Over the course of the week that Madison and Justyn were there, they got to know him and “simply just clicked.” They all talked about getting together someday to write music and kept in touch. A few months later, Madison and Justyn attended a guitar clinic that Hoey was hosting a few hours from where the family lived in Florida. After the clinic, their parents talked to the guitarist about Madison’s dreams of putting together an album based on the lyrics she had written, and her need for a great musical collaborator. Hoey invited the whole family to come up to his home studio in New England to see if they could make this album concept come to life. In September, the family packed up their four small dogs, volumes of lyrics Madison had written, guitars, clothes and four people in one SUV and drove up to New Hampshire to live for two months while the singer, Justyn and Hoey wrote all the songs for the project which became Aftershock. “The three of us spent every long 14-hour plus day writing, laughing, collaborating and recording every track on my album in Gary’s home studio in the middle of the woods, in the middle of nowhere,” Madison says. “This was one of those moments in time that can never be duplicated—pure inspiration and creation and simply one of the best times of my life.

Picture a cool fall day, leaves red and golden with the sound of wind blowing gently through them. Gary, Justyn and I are sitting in a circle on the carpeted floor, Gary with his guitar, Justyn with his bass, me with my lyrics. We jammed, the music just flowed and we had an amazing time. The first day in the studio, Gary looked at me and said, ‘We are going to write a hit song today.’ I thought, ‘Yeah, right, in one day.’ But by the end of the day, we wrote the music to the title track to the album, ‘Aftershock.’ “Gary was an amazing mentor to both me and Justyn,” she adds.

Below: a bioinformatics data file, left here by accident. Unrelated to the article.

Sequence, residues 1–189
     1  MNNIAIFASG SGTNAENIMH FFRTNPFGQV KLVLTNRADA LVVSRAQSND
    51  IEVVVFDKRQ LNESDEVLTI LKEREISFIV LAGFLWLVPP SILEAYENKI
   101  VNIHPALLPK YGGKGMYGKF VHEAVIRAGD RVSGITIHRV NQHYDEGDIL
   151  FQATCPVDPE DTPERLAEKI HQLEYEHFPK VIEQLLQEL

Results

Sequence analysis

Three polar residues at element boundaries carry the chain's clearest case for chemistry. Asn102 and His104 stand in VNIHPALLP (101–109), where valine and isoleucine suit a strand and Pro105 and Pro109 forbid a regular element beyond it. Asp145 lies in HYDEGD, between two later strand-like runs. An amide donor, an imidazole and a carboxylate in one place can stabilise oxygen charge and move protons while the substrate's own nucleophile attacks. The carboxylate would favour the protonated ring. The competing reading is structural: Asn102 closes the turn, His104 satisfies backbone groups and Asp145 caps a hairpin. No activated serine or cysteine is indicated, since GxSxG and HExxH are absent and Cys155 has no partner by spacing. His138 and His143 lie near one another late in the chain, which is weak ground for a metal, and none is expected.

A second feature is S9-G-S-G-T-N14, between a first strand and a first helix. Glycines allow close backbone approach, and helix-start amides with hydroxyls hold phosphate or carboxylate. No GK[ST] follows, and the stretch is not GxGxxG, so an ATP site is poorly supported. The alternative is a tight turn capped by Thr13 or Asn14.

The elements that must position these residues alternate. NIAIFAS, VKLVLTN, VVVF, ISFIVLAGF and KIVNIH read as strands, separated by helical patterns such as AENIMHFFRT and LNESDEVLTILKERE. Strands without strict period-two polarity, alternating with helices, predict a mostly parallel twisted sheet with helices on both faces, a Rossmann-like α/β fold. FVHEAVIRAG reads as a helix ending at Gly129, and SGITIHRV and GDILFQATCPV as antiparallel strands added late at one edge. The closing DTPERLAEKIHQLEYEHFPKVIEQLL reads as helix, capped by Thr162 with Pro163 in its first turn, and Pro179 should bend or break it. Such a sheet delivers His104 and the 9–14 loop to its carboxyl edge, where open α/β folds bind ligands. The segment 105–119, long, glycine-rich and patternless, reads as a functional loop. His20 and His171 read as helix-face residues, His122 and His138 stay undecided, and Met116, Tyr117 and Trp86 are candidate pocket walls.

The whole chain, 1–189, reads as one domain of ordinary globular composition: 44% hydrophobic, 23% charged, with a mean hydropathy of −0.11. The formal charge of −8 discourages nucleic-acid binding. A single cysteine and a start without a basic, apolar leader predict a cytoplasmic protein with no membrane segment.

“He was also a teacher, inspiration and a friend. I hope one day I can give back to a hopeful dreamer, the way Gary mentored and inspired me. My true goal is to inspire people with my music. Music is art, and just as when two people look at the same painting and see completely different things, when each individual listens to music they hear their own meaning to the songs, and feel their own unique experience.

If my music makes people happy, exhilarated, excited, reflective, melancholy, empowered, or makes them feel an emotional connection to the song then as a songwriter I have reached the pinnacle of success. All that being said Madison feels "it’s onstage where I feel most at home and really come alive.” Read more on Last.fm. User-contributed text is available under the Creative Commons By-SA License; additional terms may apply..